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Check out our new online self-assessment programs — free for all Fellows

We collaborated with mdBriefcase Group to bring you two new opportunities to earn Section 3 (Assessment) Maintenance of Certification (MOC) credits. These accredited self-assessment programs are available in English and French, and are free for all Royal College Fellows and MOC MAINPORT ePortfolio users.

Each one-hour program features

  • interactive videos from experts,
  • interesting case challenges,
  • knowledge assessment questions,
  • reflective questions to enhance your learning, and
  • additional tools and resources to use within your practice.

Sign into your MAINPORT ePortfolio account to access the programs
All programs are accessible from the “My eLearning” tab in MAINPORT ePortfolio. Participants will receive a certificate of completion after finishing the program.

Choose from the following two accredited self-assessment programs

  1. CanMEDS: Better Practice, Better Outcomes
    Explore the CanMEDS framework and how it can be applied to your practice.
  2. Research Ethics: Principles for Practice
    Learn how to analyze and apply ethical principles to your future research activities.

Linda Snell, MD, FRCPC, Scientific Planning Committee member, shares her thoughts on the value of the CanMEDS self-assessment program.

Contact us with questions or feedback:

Learn more about mdBriefCase Group.

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MOC Tip of the Month

Spring is the ideal time to check how many credits you have achieved and where you’re at with meeting the Maintenance of Certification (MOC) Program compliance requirements. It’s also a great time of the year to plan ahead — well before summer vacation and the busy fall conference season! By reviewing your MAINPORT ePortfolio now, you can take immediate action to claim credits and plan future learning opportunities.

Follow these five easy steps to prepare for, and organize, your continuing professional development for the year ahead:

First, check your total credits applied.

Log in to MAINPORT ePortfolio and verify how many credits have been applied (this can be viewed on your MAINPORT dashboard). How many do you still need to achieve your 400 credits per cycle requirement?

Then, note your balances in each MOC section.

The requirement of 25 credits per section per MOC cycle now applies to most Fellows and MOC Program participants. Have you reached all of your 25-credit section minimums yet? You will need to have at least 400 credits overall and a minimum of 25 credits in each MOC section (Section 1, Section 2 and Section 3) in order to successfully close your MOC cycle when the time comes. Your MAINPORT ePortfolio dashboard shows a handy visual summary of this information.

Need to bulk up Section 1? Do a spring cleaning of your Holding Area to claim partially-recorded Section 1 credits.

If you went to a specialty or subspecialty conference this spring, it is possible that your participation was uploaded in your MAINPORT ePortfolio and is currently in your MAINPORT Holding Area. To ensure the credits are applied, you will need to complete the missing information and submit the activity. Take the time to apply these Section 1 credits to your account.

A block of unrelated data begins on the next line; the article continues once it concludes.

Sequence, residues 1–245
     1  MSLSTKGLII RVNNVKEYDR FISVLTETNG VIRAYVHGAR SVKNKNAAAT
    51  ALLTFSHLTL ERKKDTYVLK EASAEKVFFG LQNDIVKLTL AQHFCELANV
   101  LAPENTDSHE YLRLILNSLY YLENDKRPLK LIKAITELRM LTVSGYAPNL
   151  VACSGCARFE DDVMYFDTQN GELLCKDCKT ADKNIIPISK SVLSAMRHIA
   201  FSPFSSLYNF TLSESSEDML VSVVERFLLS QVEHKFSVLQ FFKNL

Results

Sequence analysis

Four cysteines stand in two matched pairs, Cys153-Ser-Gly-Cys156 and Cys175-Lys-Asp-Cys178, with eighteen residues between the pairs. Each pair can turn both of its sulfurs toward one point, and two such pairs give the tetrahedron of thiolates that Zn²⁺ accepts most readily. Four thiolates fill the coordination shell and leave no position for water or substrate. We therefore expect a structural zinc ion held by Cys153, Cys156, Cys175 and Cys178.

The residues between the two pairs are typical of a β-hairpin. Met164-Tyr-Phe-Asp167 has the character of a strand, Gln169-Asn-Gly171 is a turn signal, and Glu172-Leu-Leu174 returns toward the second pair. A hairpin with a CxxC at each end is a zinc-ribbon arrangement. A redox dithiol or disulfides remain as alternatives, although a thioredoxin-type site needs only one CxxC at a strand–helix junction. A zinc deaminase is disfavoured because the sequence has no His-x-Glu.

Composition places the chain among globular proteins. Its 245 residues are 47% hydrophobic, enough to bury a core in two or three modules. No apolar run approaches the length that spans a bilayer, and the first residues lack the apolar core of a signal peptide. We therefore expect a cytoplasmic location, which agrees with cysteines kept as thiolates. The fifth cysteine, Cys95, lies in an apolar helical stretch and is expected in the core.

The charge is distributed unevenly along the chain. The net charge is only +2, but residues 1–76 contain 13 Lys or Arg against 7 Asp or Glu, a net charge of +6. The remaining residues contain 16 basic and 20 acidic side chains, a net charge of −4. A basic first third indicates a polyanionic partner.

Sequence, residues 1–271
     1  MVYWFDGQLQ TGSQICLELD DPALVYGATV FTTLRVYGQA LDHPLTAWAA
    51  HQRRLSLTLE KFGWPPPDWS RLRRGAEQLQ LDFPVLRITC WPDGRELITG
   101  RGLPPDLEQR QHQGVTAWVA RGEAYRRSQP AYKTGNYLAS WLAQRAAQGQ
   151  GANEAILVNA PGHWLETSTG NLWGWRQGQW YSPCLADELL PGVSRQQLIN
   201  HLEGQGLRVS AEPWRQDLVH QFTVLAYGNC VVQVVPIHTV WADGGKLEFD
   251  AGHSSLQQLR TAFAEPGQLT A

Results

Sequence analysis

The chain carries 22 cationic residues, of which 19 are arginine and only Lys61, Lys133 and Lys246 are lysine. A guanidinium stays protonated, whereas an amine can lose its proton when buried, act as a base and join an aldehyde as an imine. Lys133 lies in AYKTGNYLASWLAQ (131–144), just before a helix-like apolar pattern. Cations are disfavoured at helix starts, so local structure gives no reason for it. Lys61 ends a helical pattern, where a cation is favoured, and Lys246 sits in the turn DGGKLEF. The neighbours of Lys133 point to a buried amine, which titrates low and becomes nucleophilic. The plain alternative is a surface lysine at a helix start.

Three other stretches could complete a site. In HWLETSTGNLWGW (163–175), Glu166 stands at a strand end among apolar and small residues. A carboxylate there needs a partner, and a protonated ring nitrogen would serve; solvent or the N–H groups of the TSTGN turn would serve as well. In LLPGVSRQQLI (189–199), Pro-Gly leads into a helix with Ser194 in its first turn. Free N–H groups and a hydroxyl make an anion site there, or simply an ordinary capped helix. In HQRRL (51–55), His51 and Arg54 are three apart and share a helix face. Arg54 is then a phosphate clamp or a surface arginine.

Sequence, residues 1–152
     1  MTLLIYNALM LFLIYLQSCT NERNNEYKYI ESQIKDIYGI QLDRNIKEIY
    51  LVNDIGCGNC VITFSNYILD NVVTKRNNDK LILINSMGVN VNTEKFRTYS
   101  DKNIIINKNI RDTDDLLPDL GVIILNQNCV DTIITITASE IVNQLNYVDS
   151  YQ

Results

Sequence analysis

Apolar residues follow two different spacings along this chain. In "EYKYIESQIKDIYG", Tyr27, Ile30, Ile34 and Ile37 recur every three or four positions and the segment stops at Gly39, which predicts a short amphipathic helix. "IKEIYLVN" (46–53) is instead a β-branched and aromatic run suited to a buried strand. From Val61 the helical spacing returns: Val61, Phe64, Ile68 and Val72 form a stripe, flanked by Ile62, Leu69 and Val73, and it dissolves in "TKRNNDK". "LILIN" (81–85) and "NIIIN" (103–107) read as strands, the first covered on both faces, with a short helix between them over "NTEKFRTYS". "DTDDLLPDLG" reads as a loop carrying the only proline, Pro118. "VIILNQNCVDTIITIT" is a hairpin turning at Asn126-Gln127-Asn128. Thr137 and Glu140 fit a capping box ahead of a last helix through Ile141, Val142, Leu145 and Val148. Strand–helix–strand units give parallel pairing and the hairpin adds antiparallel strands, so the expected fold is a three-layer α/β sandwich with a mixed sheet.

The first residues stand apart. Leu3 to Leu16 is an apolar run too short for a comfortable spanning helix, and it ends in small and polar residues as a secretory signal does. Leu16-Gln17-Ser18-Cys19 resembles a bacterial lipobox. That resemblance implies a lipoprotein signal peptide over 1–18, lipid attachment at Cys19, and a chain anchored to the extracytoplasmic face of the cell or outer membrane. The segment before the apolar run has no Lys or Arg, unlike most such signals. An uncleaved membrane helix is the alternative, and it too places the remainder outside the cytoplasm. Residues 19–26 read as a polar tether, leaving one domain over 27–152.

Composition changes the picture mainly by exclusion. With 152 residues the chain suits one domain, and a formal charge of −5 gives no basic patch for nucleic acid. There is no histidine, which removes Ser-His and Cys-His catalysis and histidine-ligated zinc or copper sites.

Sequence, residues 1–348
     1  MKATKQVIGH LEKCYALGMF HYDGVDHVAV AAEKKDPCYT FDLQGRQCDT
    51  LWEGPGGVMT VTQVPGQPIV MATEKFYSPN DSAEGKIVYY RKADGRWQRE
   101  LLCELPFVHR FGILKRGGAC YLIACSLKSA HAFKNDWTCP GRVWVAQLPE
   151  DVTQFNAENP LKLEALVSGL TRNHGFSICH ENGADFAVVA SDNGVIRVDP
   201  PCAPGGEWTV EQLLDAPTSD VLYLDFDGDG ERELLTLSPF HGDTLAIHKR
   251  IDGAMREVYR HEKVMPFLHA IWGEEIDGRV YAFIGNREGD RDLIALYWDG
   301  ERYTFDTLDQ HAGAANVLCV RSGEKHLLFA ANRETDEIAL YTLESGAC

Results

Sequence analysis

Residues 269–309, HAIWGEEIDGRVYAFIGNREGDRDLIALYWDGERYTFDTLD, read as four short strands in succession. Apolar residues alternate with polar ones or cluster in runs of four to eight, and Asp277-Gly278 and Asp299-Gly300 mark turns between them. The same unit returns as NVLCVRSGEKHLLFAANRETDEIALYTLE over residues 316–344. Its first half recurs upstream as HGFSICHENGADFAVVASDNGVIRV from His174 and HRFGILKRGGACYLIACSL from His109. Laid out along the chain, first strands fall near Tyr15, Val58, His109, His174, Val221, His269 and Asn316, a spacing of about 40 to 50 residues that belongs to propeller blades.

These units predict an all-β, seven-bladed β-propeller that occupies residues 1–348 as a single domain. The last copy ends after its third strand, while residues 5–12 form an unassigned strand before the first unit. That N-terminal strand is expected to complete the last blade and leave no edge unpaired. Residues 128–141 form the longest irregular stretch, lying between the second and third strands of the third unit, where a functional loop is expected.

Low on Section 2? Claim credits for your research activities.

Have you just finished submitting a grant application for a spring competition? Or are you conducting a clinical trial or publishing an article in a peer-reviewed journal? You can leverage the learning you acquired while working on these activities for MOC credits. This tip from medical oncologist Dr. Shahid Ahmed, FRCPC, explains how to break down research activities into several stand-alone Personal Learning Projects (for two credits per hour).

Add Section 3 credits from a chart audit or online self-assessment program.

Spring is a good time to engage in a longer-term performance assessment, such as diving into your patient records to complete a chart audit. Check out this tip from pediatrician Dr. Suzan Schneeweiss, FRCPC, on how to improve an aspect of care in your practice using a chart audit (for three credits per hour). You may also want to check out the two new online self-assessment programs we collaborated with mdBriefcase Group to bring you. They are accessible from the “My eLearning” tab in your MAINPORT ePortfolio.

Make the most of the springtime to give your MOC a boost by documenting your continuing professional development in your MAINPORT ePortfolio as you go.

Looking for other activities you can claim? Find out which CPD activities you can record or check out our full list of MOC Tips.

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Invisible: New exhibit spotlights a short history of Psychiatry

Photo credit: Wellcome Library, London, CC 4.0 License (artist is Louis-Léopold Boilly)

Psychiatry fascinates and feeds popular imagination. But beyond the sensationalism, this discipline has a rich history and went through numerous changes which in turn greatly influenced our society. Beyond Victorian asylums and Freud’s cigar, psychiatry reveals itself as a most complex universe.

SLIDESHOW (below): This exhibit is on display at the Royal College in Ottawa. It was created in partnership with the Museum of Health Care at Kingston.

An excess of humours

Prior to the 19th century, mental illness was understood through vitalism, or the effect of humours and vital forces on the human body. Most of the treatments were then aimed at rebalancing humours through diet, ointments, drugs, baths and rest. For example, a melancholic patient was said to have an excess of black bile, which could be solved by purgatives. Some surgical procedures were also recommended, such as creating an opening in the skull (called trepanning) to release bad humours.